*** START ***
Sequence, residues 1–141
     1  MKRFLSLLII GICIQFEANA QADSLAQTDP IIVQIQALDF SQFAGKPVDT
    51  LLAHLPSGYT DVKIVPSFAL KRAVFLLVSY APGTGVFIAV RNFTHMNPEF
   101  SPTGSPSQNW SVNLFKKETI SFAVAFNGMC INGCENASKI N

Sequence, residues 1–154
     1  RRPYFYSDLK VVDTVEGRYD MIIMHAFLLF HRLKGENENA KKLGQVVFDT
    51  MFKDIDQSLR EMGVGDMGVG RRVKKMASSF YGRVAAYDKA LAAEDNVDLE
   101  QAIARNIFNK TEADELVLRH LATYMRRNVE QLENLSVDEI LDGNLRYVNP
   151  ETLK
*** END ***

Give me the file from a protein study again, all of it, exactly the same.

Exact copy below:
Sequence, residues 1–141
     1  MKRFLSLLII GICIQFEANA QADSLAQTDP IIVQIQALDF SQFAGKPVDT
    51  LLAHLPSGYT DVKIVPSFAL KRAVFLLVSY APGTGVFIAV RNFTHMNPEF
   101  SPTGSPSQNW SVNLFKKETI SFAVAFNGMC INGCENASKI N

Sequence, residues 1–154
     1  RRPYFYSDLK VVDTVEGRYD MIIMHAFLLF HRLKGENENA KKLGQVVFDT
    51  MFKDIDQSLR EMGVGDMGVG RRVKKMASSF YGRVAAYDKA LAAEDNVDLE
   101  QAIARNIFNK TEADELVLRH LATYMRRNVE QLENLSVDEI LDGNLRYVNP
   151  ETLK